A film about the Holocaust, on which Alfred Hitchcock was an adviser, will be released at last, reports Francine Wolfisz.

He was called the master of horror and carved a career out of exploring the darkest depths of the human mind. But there was one true-life atrocity which even Alfred Hitchcock could not bear to watch on the silver screen: the Holocaust.

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Women and children concentration camp inmates liberated by the British at Bergen-Belsen in 1945.

Now a forgotten documentary about Nazi death camps, on which Hitchcock was asked to collaborate before the project was shelved for political reasons, is to be screened for the first time after being restored by the Imperial War Museum.

In 1945, the much-lauded director of such thriller classics as Psycho, Rear Window and Vertigo was persuaded by his friend, the Jewish director Sidney Bernstein, to leave Hollywood for England and collaborate on a documentary about German wartime atrocities.

Much of the footage was shot by British and Soviet army film units during the liberation of Bergen-Belsen just months before and, as a “treatment adviser”, Hitchcock had been brought in to help organise the material.

Dr Toby Haggith, senior curator at the Imperial War Museum, says the film was commissioned for propaganda purposes. “Once they discovered the camps, the Americans and British were keen to release a film  quickly that would show the camps and get the German people to accept their responsibility for the atrocities,” he told the Independent. But the footage was unlike anything the renowned American director had seen before. It was reportedly so horrific that Hitchcock was traumatised and stayed away from the studios for a  week.

His contribution to this powerful work is unmistakable, however. In an interview before he died, Bernstein explained how Hitchcock sought to present the footage with the maximum impact. And while he did not travel to Dachau, Belsen and Buchenwald, Hitchcock did provide instruction to the camera crews on taking wide, establishing shots and unbroken panoramas, which would help to prove that the harrowing scenes had not been staged. Bernstein said: “He took a circle round each camp, different villages, different places and the numbers of people – so they must have known about it…

Otherwise you could show a concentration camp as you see them now and it could be anywhere, miles from humanity. He brought that into the film.” According to Peter Tanner, one of the film’s editors, Hitchcock’s concern was that “we should try to prevent people thinking any of this was faked…so Hitch was careful to try to get material which could not possibly be seen to be faked.” In the event, the documentary was never screened for fears it would harm Britain’s post-war relationship with Germany.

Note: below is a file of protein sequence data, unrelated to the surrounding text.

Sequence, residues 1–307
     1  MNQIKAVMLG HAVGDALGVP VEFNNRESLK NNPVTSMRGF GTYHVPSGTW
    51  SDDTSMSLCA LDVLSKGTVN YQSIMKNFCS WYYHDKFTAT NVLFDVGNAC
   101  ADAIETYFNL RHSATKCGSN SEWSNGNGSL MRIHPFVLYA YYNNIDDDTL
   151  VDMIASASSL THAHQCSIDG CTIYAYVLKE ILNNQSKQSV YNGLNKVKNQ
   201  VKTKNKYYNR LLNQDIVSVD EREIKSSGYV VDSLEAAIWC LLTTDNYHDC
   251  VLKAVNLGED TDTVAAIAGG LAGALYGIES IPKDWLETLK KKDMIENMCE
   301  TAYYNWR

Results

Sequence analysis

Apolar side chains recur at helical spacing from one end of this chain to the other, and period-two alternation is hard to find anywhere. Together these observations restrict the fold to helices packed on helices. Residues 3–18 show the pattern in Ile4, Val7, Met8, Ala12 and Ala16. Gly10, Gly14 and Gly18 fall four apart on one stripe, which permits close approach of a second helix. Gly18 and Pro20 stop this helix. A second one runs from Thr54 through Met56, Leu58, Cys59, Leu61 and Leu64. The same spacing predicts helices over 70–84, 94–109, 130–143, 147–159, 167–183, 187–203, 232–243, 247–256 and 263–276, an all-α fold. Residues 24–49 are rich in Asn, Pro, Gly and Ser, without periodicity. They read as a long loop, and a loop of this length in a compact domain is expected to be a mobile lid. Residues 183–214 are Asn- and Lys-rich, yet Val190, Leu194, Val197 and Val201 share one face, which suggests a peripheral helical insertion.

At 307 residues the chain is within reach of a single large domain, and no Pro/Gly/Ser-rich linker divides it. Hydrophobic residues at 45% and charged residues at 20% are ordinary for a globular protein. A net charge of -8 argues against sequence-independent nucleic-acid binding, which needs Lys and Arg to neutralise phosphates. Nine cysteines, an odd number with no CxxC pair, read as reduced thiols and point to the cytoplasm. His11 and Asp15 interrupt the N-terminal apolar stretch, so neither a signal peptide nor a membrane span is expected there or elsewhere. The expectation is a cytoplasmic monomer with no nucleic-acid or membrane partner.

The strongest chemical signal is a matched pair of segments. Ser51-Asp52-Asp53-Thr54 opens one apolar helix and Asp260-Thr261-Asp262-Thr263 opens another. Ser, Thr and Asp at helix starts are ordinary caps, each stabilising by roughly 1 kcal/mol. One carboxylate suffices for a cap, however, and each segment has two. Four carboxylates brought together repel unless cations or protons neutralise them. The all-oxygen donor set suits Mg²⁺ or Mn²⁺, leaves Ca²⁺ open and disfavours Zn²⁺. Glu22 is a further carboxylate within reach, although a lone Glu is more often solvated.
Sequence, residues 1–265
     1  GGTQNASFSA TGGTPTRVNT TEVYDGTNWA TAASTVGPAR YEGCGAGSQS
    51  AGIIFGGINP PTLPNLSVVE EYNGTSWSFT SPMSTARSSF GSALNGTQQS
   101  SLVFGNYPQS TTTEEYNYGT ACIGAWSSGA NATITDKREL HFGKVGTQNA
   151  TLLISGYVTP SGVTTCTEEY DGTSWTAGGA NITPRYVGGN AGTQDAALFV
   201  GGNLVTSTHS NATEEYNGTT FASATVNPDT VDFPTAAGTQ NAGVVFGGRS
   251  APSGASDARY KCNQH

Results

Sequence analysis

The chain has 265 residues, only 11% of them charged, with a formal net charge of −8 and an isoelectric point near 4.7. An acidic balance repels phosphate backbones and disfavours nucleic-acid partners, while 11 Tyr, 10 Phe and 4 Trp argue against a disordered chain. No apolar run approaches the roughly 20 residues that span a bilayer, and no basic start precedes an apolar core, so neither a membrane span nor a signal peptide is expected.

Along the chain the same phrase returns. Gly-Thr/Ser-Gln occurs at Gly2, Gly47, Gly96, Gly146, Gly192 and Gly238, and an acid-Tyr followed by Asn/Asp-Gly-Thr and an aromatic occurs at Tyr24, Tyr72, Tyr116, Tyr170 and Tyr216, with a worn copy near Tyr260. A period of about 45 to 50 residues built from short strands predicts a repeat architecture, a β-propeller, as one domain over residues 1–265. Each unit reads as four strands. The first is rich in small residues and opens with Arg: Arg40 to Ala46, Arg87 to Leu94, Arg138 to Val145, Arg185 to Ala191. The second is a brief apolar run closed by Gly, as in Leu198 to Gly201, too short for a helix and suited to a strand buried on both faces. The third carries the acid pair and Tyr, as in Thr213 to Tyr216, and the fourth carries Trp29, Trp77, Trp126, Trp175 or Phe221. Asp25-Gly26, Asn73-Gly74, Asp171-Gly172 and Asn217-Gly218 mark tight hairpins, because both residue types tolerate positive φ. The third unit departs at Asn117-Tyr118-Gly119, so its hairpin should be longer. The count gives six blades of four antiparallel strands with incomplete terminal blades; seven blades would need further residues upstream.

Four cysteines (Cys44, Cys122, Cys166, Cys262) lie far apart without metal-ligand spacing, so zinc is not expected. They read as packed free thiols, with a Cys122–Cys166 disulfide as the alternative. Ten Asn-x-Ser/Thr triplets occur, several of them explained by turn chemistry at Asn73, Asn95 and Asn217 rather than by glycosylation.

The project was canned and five reels deposited at the Imperial War Museum, where they lay undisturbed for decades. In the ensuing years, Hitchcock’s contribution to a film on the Holocaust became a lesser-known fact, though his “Jewish” connections have been well- documented. He had several close and long-standing Jewish collaborators, including his friend and agent, Lew Wasserman, costume designer Edith Head, screenwriter Ben Hecht, composer Bernard Herrmann, producer David O Selznick and graphic designer Saul Bass, responsible for coming up with the shot-by-shot storyboard of the famous shower scene in Psycho.

Hitchcock’s long career saw him pick up many prestigious awards, including two Golden Globes, five Academy Award nominations (although never a win) for best director and a knighthood just before his death in 1980, aged 80. But his little-known film about the Nazi camps was not to remain forgotten. Some 40 years after being consigned to the museum vaults, the footage was stumbled across by a researcher  and an incomplete version shown at the Berlin Film Festival in 1984.

It was also broadcast on American PBS in 1985 under the title Memory of the Camps. Now the film, the title of which has not yet been revealed, will finally be shown as intended. Using digital technology, the museum has restored the work and pieced together extra material from a missing sixth reel. It will be shown at film festivals and cinemas this year and on British TV next year to mark the 70th anniversary of the liberation of Europe.

An accompanying documentary, Night Will Fall, is also being made with Andre Singer, executive producer of The Act of Killing, as director and Stephen Frears as directorial adviser.

Haggith says the restored work will show the true horrors of the Holocaust, but also offer a glimpse of life beginning anew. “It’s an alienating film in terms of its subject matter but also one that has deep humanity and empathy about it. Rather than coming away feeling totally depressed and beaten, people will find there are elements of hope.”